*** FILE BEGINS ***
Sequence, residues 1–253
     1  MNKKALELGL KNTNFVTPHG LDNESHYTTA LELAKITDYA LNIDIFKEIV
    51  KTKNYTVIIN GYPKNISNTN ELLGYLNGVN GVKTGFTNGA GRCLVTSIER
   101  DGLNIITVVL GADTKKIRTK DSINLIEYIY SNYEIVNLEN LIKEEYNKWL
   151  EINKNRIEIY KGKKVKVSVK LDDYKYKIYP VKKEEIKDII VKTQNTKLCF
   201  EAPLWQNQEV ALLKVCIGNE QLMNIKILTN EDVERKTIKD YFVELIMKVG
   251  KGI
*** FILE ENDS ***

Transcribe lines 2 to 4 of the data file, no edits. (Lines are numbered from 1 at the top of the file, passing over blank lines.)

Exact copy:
     1  MNKKALELGL KNTNFVTPHG LDNESHYTTA LELAKITDYA LNIDIFKEIV
    51  KTKNYTVIIN GYPKNISNTN ELLGYLNGVN GVKTGFTNGA GRCLVTSIER
   101  DGLNIITVVL GADTKKIRTK DSINLIEYIY SNYEIVNLEN LIKEEYNKWL